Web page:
Journalists in the service of Pete Peterson

Press Criticism | By Kevin C. Brown |

Place your cursor over highlighted text to see observations and critique.


David Wessel

Interviewing Timothy Geithner, Secretary of the Treasury (2012):

“I think we are in the post-denial phase of talking about the deficit, both Democrats and Republicans — [Geithner interjects, “What follows denial, anger?”] — I hope so. I think Pete Peterson hopes someday you get to [a] solution, and you’ve got a few months left in this president’s term to get there. But I think that a lot of people are wondering why anybody should believe that our polarized political system is capable of doing something that touches as many people as this. Why should we believe that this can happen?

“When you talk about fiscal issues, the one question you hear often, particularly from audiences like this, is about Bowles-Simpson. Why didn’t the president embrace Bowles-Simpson and say, ‘I don’t like all of it,’ instead of what he did. Was that a mistake?

Wessel doesn’t ask “what was wrong with Bowles-Simpson” or “why did the President accept as much of it as he did?”
Wessel couldn’t be more explicit: thank goodness that the period of denial is over; perhaps enough anger will stimulate the necessary solution that Pete Peterson hopes someday will occur.


George Will

Interviewing Mitch Daniels, Governor of Indiana (2011):

“The role of public employees’ unions at the state level so far — and perhaps someday at the federal level — will become a big topic of argument over their role in causing and their possible role in helping to solve the fiscal problem at the state level. What’s been your experience in Indiana?”

“You can argue, Governor, that democracies only act on difficult problems under the lash of necessity, when they have no other choice. Hitler was warned about by Churchill, but they paid no attention until they got to the channel ports. In 1983, the Greenspan-Moynahan-Dole commission reformed Social Security because the checks were about two weeks from not being able to go out. What kind of lash of necessity will it take — what catalyzing event might cause the American federal political system to act?”

Typically lopsided: Will doesn’t consider that the fiscal problem at the state level in respect to pensions to which workers are statutorily entitled has been the failure of states to make adequate annual contributions.
As with other reporters, the possibility is not acknowledged that gridlock could be the function of a significant percentage of elected officials representing a significant portion of the nation’s population resisting a series of policies that would hurt average Americans and enhance the power and privilege of the relatively well-to-do.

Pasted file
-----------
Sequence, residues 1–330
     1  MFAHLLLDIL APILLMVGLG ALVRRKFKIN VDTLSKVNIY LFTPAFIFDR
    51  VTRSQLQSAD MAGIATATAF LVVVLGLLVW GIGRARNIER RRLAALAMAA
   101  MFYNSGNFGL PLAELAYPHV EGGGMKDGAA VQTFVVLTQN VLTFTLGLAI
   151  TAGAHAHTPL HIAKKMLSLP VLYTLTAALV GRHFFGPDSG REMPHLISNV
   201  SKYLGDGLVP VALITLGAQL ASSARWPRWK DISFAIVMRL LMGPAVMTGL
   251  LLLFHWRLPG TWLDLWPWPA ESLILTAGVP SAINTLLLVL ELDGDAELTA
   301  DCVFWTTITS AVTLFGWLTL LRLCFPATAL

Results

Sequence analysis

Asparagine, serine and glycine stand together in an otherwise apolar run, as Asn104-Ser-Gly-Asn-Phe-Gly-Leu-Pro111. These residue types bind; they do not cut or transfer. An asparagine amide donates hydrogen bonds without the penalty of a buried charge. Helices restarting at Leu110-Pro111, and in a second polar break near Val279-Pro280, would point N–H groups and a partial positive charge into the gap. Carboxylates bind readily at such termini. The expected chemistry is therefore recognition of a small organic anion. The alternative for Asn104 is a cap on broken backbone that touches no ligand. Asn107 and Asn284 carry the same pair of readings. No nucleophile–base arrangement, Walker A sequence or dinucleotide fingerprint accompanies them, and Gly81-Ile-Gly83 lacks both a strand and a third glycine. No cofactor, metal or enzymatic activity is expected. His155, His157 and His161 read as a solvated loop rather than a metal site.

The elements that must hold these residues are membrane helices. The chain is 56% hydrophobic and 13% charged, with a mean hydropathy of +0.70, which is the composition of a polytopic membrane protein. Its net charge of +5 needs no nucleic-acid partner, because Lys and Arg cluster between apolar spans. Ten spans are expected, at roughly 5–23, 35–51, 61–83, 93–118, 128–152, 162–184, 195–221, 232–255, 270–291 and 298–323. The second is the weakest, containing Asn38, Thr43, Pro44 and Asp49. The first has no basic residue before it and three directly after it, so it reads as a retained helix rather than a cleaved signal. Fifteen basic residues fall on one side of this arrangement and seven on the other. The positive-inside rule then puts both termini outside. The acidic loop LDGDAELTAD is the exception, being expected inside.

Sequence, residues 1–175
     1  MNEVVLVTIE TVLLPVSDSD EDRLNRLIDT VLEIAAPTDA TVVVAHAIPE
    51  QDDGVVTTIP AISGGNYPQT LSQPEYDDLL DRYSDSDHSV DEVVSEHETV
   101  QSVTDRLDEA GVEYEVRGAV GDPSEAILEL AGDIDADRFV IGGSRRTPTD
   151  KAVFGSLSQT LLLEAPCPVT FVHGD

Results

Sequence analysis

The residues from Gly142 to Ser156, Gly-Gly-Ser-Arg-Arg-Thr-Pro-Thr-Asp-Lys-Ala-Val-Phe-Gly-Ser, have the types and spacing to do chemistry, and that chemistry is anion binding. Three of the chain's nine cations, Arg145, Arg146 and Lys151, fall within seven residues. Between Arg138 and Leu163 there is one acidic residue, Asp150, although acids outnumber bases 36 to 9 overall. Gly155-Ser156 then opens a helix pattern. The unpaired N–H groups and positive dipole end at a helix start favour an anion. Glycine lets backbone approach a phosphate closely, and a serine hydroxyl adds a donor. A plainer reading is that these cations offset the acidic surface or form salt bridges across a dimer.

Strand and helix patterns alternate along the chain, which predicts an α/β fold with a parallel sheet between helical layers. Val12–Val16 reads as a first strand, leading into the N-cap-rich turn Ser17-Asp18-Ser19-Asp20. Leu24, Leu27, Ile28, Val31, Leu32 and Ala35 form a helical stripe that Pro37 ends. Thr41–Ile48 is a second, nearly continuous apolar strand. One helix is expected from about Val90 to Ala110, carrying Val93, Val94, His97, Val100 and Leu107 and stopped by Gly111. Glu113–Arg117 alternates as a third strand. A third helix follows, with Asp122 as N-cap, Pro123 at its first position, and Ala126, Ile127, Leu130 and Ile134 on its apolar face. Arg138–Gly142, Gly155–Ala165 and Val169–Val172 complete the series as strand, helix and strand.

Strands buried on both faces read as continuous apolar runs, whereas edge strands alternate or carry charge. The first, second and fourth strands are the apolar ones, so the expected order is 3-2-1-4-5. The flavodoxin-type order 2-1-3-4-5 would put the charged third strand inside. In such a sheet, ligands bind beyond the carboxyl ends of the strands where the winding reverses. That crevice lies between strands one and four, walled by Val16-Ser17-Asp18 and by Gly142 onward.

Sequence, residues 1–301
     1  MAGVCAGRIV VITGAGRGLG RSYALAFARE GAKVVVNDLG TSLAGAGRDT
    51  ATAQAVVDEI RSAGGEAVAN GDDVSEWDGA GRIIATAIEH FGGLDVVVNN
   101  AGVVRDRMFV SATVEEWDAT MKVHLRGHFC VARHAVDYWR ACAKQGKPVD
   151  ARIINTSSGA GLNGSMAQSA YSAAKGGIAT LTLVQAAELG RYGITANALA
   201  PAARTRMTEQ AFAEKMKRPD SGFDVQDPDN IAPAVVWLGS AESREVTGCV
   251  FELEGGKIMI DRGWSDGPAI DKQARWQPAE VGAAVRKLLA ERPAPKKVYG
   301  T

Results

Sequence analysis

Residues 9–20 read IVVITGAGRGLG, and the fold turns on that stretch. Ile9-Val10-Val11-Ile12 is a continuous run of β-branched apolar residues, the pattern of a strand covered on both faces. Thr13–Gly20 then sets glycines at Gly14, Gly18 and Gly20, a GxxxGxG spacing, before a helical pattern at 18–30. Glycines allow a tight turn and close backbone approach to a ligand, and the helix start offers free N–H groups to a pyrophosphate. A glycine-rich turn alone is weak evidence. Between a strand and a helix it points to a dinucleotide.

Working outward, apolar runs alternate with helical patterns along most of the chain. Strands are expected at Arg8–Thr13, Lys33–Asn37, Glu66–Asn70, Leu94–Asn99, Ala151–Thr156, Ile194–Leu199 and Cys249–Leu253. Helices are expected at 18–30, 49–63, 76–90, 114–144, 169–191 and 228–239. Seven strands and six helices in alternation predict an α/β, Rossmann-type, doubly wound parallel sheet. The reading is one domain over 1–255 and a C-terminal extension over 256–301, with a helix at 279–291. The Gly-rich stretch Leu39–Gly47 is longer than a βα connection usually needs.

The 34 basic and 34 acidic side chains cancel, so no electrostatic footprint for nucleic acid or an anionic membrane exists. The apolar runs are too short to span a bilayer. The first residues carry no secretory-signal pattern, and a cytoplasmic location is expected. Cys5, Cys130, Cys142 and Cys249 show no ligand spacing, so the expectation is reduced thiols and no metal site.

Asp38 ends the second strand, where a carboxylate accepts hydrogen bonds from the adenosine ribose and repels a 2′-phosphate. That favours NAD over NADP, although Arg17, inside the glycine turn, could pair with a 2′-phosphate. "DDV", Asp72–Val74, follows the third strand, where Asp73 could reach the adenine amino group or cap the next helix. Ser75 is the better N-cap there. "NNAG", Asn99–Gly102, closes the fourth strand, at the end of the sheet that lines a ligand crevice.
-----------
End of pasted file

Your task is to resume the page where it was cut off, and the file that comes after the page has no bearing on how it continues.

Judy Woodruff

Moderating a panel discussion between four members of the “Gang of Six” senators then in deficit reduction talks (2011):

“Senator Durbin, you’ve been a member of this group from the outset. How hard has it been for the six of you to sit there — three Republicans and three Democrats — to talk about these issues?”

“And Senator Warner the reason I’m asking, I want to press a little bit more on whether everything is on the table, because what one hears on the outside is that one party is implacably opposed to revenue increases; the other party implacably opposed to any sort of significant entitlement changes. So how is the dynamic inside your group any different from that?”

“Senator Durbin, are you convinced — and I’m going to ask each one of you — are you convinced that you can sell the rest of the Senate on what you come up with?”

Translation: Are we really going to have people be responsible and accept the need for change?
If there were a fuller appreciation that a Peterson-style solution might not be a good thing, there might be more questions about why the “Gang of Six” should be thought to have more wisdom than the rest of the Senate.


Interviewing Representative Paul Ryan, chair of the House Budget Committee (R-Wis.) (2012):

“You were just again, and I’ve heard you in other venues criticize President Obama for demagoguery, playing class warfare in this budget battle by wanting to increase taxes on the wealthy and minimizing cuts in entitlements. However, the question is raised: is it class warfare in reverse to talk about massive tax cuts which mainly benefit the well off, while conversely cutbacks in Medicaid, food stamps, and the rest hurt people at the lower end of the income scale?”

Another rare exception to the rule.


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